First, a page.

Hospital and community dentists will receive a 2.8% pay rise in recognition of their ‘vital contribution’ to the COVID-19 pandemic.
Today, chancellor Rishi Sunak awarded almost 900,000 public sector workers an above-inflation pay rise.
The 2.8% rise will be backdated to April, with no staging. It will apply to both hospital and community dentists.
However, according to the British Dental Association (BDA), confirmation on the final uplift to contract values for general dental practitioners is yet to be confirmed. This will take place after a consultation on expenses.
Mr Sunak said: ‘These past months have underlined what we always knew – that our public sector workers make a vital contribution to our country and that we can rely on them when we need them.
‘It’s right therefore that we follow the recommendations of the independent pay bodies with this set of real-terms pay rises.’
Will general dental practices see a pay rise?
Other public sector workers benefitting include:
- Teachers 3.1%
- Doctors 2.8%
- Police, prison officers and National Crime Agency Staff 2.5%
- Armed forces 2%
Mohsan Ahmad, chair of the Greater Manchester Local Dental Network, voiced concerns over the planned consultation on expenses.
‘It’s been publicised that we’re getting a pay rise but are NHS dental practices going to see it?,’ he said.
‘The thing that concerns me is the consultation on expenses for general dental practices. The majority of dental practices are not generating lab bills, as they were pre-COVID, but are experiencing phenomenal increases in expenses due to PPE and cross-infection products. I’d like to get some more information on this consultation.’
Concerns and challenges
Although he believes a hike in salary signals progress, he said follow-up increases are necessary if dentistry is to improve.
‘If we do see an increase, it’s a small step in the right direction however there’s been years of no real increases,’ he said.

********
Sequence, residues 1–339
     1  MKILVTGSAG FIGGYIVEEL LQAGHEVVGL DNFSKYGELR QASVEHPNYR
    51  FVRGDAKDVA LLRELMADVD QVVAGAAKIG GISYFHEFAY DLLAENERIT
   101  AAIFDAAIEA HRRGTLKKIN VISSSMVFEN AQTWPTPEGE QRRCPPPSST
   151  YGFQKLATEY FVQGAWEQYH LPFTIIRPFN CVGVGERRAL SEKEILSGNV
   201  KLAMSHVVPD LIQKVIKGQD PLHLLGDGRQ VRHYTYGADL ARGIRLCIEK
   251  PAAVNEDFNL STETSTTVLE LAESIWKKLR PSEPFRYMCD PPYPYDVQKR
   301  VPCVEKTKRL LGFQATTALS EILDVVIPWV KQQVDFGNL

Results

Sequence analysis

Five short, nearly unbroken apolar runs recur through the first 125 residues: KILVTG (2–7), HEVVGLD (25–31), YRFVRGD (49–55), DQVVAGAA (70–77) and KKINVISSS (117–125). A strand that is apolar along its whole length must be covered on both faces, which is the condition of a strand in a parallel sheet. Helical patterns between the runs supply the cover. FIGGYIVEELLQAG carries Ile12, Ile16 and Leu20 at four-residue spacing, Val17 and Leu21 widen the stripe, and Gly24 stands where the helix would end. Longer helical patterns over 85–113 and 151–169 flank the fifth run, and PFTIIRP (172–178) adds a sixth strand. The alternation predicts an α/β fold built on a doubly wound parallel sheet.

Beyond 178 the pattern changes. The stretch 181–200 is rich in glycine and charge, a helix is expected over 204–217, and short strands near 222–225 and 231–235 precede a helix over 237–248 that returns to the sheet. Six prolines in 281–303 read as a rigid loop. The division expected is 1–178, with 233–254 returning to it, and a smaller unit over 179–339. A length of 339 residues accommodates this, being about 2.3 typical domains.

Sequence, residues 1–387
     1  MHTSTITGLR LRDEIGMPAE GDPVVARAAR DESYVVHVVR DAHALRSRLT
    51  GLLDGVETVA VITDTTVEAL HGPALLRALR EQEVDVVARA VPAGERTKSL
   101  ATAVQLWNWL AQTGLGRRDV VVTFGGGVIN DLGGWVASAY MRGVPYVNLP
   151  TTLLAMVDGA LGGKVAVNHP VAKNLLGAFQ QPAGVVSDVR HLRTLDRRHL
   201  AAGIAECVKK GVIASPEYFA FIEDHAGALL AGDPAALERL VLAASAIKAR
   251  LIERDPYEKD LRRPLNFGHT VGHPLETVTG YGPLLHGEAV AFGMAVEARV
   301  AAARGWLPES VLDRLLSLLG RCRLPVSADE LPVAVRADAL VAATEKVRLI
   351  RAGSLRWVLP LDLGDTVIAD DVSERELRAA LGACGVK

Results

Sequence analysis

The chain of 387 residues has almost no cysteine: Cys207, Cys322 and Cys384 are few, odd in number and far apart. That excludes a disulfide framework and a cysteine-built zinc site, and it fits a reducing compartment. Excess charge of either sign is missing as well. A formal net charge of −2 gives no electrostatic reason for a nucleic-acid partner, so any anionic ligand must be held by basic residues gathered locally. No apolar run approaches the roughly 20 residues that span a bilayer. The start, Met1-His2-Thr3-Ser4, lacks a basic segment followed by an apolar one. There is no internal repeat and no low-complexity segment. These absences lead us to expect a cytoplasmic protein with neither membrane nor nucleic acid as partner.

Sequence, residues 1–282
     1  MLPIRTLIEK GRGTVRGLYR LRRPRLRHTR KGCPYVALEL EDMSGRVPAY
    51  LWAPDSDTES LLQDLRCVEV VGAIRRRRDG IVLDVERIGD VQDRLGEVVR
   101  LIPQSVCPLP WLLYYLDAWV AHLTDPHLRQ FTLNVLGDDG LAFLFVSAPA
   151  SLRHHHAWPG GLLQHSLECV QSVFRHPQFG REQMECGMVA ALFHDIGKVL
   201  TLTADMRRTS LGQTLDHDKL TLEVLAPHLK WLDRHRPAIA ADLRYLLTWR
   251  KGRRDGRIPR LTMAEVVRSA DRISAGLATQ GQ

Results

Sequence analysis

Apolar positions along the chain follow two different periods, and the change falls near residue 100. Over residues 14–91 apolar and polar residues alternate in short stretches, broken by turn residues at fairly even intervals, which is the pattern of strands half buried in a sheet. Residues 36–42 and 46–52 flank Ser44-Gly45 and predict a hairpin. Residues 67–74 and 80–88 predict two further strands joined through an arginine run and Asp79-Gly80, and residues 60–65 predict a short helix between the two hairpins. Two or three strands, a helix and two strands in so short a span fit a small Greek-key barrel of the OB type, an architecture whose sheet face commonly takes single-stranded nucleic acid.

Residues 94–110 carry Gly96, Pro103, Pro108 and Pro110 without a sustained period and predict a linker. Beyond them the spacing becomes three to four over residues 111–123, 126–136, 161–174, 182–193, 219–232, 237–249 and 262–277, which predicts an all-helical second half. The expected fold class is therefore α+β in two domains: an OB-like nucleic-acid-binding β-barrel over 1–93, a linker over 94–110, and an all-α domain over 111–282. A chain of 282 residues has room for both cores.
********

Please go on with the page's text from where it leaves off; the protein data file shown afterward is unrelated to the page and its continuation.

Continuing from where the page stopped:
‘To make a long-term impact, this initial increase isn’t going to fix the problem. Our NHS dental services require continued financial investment, as do other parts of health and social care.
‘Another challenge is if you’re a principal and you’ve had a big increase in expenses over the years – and now you’ve got the added expense of additional PPE too.
‘I doubt they’ll be able to pass the publicised increase onto their associates and dental staff. Ideally, principals want to be able to pass any increases they get onto the whole team.
‘But the reality is that the vast majority have seen a real-life reduction in income over the last few years. If this increase was made more consistent, practices would be able to get their heads around the “new normal” and be able to better support their whole team.’
More action needed
The British Dental Association welcomed the increase. But said more needs to be done to sustain the ‘long term integrity of the service’.
BDA vice chair Eddie Crouch said: ‘These are difficult times for colleagues, and that NHS dentists aren’t being handed another pay cut will offer some comfort.
‘Before COVID-19 hit, years of pay restraint had already taken their toll. Above inflation increases are starting to repair that damage, and now must be pursued in tandem with other needed action to keep this service afloat.
‘We’ve secured needed progress on abatement and pay. We now need to see a concerted strategy to ensure the nation’s dental services – both NHS and private – have a future.’
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